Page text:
Exxon maintains that it does protect against discrimination and that no LGBT resolution is necessary to change its policies. The company declined multiple requests for interviews for this piece, but asserted—in an emailed statement—that its “global, zero-tolerance policy applies to all forms of discrimination, including discrimination based on sexual orientation and gender identity.”
This statement, however, is not, drawn from Exxon’s EEO policy and does not provide equivalent legal protection. Exxon’s EEO policy specifically enumerates every protected category, including age, race, sex, and religion, but does not include sexual orientation or gender identity.
“Having a nondiscrimination policy is very black-and-white,” says HRC Workplace Project Director Deena Fidas. “Exxon does not have one.”
Changing Exxon: Shareholder Resolutions
The effort to force Exxon to change goes back at least to 1997, when the Equality Project began pushing a shareholder resolution calling on Exxon to include sexual orientation in its EEO policy. The resolution was later expanded to include gender identity.
In spite of Exxon’s board’s annual instruction to shareholders to oppose the resolution, it has received the support of as much as 40% of shareholders at its peak in 2008.
The resolution first appeared on the ballot in 1999, sponsored by shareholder Marianne Weil. Her wife, the Equality Project’s Diane Bratcher, says Weil received anonymous letters threatening to “cut her up, calling her a dirty cunt, gross stuff,” in response.
From 2000 to 2009, the lead sponsor of the resolution was the New York City Employee Retirement System. From 2010 on it has been the New York State Common Retirement Fund, with its 14,103,456 Exxon shares valued at $1.3 billion.
New York Comptroller Thomas DiNapoli reports that his office has helped nearly 30 other large companies agree to new nondiscrimination policies. DiNapoli describes Exxon’s attitude toward the resolution as “dismissive” and finds its resistance “mystifying.”
Resource Center Dallas has successfully worked with numerous local colleges and universities, governmental agencies, and businesses to make their employment nondiscrimination policies more inclusive. Exxon seemed simply too immovable to be worth the Center’s already over-stretched time.
But in January 2012, Marilyn Carlson Nelson, a longtime Exxon board member (she has since stepped down), wrote an op-ed in the Minnesota Star Tribune supporting same-sex marriage.
The Center saw good reason to assume Nelson’s opinion was indicative of a board open to LGBT-inclusive policies. The majority of Exxon’s board members lead companies with Corporate Equality Index ratings of 100. In fact, every current board member who has served as a CEO or on the board of a company with an official CEI ranking has been at a company with a minimum rating of 90, most 100. The only exception is Exxon CEO Rex Tillerson.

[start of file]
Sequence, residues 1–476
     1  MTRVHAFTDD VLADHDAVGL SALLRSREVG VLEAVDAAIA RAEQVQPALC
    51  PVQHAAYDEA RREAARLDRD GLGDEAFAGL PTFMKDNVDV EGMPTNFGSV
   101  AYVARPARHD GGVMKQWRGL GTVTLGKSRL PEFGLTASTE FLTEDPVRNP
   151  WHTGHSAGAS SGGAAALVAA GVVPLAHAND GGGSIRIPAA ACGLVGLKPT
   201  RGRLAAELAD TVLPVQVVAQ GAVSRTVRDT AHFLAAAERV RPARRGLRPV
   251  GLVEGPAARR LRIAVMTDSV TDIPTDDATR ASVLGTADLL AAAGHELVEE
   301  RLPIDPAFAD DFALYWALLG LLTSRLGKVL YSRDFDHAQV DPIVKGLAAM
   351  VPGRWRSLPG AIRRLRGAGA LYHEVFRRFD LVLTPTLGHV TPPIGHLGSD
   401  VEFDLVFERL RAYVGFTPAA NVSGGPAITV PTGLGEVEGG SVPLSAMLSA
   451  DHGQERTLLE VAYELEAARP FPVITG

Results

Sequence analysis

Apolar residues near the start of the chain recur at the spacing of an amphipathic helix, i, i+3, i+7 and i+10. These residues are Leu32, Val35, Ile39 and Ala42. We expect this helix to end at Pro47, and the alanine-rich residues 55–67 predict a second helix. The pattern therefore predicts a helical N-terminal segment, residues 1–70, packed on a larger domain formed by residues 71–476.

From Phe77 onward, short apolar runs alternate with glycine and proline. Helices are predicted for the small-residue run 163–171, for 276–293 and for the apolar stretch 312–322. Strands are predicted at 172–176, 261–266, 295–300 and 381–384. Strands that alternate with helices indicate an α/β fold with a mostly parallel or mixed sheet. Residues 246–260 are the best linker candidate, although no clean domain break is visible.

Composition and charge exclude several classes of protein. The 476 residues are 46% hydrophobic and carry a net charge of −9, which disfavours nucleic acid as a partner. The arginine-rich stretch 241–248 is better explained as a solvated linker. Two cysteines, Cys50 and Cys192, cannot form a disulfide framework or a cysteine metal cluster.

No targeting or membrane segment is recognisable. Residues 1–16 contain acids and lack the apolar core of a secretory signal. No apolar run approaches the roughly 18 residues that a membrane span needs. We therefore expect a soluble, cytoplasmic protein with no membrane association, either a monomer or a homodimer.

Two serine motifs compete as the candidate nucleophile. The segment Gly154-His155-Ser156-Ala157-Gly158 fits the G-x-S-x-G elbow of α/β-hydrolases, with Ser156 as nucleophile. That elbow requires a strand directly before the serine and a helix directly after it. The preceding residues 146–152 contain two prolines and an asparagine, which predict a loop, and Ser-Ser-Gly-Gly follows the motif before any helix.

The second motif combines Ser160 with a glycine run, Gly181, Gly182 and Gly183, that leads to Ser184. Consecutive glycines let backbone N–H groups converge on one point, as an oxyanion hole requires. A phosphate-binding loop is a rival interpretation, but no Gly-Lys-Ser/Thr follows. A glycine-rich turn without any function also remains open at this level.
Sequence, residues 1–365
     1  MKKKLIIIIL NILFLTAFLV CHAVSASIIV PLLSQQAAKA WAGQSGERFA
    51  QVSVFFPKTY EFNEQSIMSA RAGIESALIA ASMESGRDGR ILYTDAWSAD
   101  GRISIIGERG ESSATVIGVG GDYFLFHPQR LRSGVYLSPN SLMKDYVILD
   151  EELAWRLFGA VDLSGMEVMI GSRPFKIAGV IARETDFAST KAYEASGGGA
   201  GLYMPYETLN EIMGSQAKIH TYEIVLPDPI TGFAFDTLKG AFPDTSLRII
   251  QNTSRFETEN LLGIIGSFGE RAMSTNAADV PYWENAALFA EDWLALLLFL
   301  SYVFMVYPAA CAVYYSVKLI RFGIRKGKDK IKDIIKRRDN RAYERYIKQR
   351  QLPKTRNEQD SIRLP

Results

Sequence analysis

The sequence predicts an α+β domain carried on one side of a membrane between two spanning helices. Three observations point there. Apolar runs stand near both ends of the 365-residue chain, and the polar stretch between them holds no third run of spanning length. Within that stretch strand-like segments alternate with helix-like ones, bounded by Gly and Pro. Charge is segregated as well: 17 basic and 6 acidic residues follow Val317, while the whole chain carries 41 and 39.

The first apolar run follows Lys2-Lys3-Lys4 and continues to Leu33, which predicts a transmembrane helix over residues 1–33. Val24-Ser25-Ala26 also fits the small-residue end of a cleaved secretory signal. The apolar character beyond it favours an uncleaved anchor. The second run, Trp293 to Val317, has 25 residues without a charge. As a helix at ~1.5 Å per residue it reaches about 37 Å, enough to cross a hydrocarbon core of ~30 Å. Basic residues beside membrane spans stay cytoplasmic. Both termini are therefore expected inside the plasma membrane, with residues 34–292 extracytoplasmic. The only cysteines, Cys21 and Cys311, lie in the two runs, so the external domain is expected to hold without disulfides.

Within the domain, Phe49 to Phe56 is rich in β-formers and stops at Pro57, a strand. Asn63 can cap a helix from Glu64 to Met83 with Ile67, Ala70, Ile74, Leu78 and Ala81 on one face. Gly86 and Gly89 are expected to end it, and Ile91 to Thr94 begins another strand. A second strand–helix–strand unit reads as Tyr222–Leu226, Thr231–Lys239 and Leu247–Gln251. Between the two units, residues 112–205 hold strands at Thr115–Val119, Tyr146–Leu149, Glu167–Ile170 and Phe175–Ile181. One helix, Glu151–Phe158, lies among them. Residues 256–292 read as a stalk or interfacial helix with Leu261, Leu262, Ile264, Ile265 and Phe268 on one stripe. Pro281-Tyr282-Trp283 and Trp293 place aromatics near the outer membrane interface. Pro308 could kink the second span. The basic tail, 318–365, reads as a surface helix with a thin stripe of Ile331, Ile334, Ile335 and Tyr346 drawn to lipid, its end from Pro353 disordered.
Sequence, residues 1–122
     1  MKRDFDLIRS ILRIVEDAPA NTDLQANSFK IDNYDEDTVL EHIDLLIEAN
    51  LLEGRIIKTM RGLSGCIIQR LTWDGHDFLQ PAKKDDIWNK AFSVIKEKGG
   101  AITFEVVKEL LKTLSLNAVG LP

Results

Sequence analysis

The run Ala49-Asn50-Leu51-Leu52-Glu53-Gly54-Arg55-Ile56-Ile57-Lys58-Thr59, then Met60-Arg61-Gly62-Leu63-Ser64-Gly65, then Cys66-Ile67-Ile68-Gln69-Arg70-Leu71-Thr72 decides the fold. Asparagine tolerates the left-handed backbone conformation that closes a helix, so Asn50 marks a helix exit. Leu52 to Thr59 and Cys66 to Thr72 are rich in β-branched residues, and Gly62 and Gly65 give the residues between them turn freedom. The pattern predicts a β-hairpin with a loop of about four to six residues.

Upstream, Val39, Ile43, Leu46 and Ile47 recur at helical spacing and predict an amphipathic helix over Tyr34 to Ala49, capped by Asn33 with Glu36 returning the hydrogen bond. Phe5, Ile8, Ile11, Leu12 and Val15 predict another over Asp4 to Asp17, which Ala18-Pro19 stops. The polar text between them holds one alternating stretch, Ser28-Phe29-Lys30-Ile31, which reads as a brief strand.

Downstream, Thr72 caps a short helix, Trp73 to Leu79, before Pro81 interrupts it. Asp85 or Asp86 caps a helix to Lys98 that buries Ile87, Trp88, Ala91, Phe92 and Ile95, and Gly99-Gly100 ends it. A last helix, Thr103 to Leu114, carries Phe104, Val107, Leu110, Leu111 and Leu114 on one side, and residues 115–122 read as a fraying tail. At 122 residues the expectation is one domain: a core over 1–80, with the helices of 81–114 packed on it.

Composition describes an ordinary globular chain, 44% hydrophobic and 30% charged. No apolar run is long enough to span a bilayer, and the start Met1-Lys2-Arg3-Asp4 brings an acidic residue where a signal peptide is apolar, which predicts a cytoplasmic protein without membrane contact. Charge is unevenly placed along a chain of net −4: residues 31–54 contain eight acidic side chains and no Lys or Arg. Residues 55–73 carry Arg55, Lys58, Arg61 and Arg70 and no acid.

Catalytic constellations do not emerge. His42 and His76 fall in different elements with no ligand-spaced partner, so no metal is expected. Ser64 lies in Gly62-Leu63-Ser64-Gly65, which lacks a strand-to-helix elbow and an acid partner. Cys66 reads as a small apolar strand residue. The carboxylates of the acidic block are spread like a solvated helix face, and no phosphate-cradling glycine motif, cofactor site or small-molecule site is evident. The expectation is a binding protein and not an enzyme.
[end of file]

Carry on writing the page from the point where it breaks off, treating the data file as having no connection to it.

Tillerson was former CEO Lee Raymond’s handpicked successor and is cut from the same cloth. Recruited straight out of the University of Texas at Austin, he has worked at Exxon his entire career and became CEO in 2006. He is regularly portrayed as seeking to remain faithful to Raymond’s policies, an attitude toward “the Exxon legacy” common among senior management.
Neva Goodwin, great-granddaughter of John D. Rockefeller, says, “All of the top executives are imbued with the Exxon culture and regard themselves as carriers of the culture.” She describes Tillerson as civil, “but [he] never responds in such a way that suggests that he could be at all influenced to change his positions.”
Tillerson is also a life-long member and past president of the Boy Scouts of America. His term expired a year before the group’s decision to allow gay troop members, but not leaders. His personal views on that matter and Exxon’s discriminatory policies are a well-kept secret.
Regardless of Tillerson’s personal views, it seems likely that the board, frequently described as turnkey for Exxon’s respective CEOs, is following orders from the company’s top executives when it recommends opposition to the shareholder resolution each year.
On April 4, 2012, Cece Cox, Resource Center Dallas director and CEO, wrote to Nelson, indicating her desire to meet with Exxon officials to share the Center’s expertise. Cox did not receive a response.
Cox then wrote to Malcolm Farrant, a newly installed vice president of Exxon HR, forwarding her letter simultaneously to the Dallas Voice, which published it the same day. Within hours, David Rosenthal, Exxon vice president of investor relations, contacted Cox.
Their meeting took place at the Irving headquarters in June 2012.
Cox was joined by Rafael McDonnell, Center communications and advocacy manager; Center volunteers Rebecca Solomon, a vice president at Bank of America, and Paul von Wupperfeld, a Texas Instruments manager; and Center board member Gary Fraundorfer, vice president of HR at AT&T. Though not representing their respective companies, they were able to offer expertise as employees of Fortune 500 companies either based in or with a substantial Texas presence that had successfully implemented LGBT-inclusive policies.
At the meeting, von Wupperfeld said that for Texas Instruments, a “traditional, conservative,” Dallas-Fort Worth-based company, it was “amazingly easy” to implement these policies. Moreover, “within our corporate culture there has been far greater lasting blowback from when we stopped giving away free donuts in the cafeteria.”
McDonnell shared a statement by the Family Research Council commending Exxon for “Resisting the Demands of Homosexual Activists” by rejecting the inclusion resolution. He asked, “Do you want these people speaking for your company?”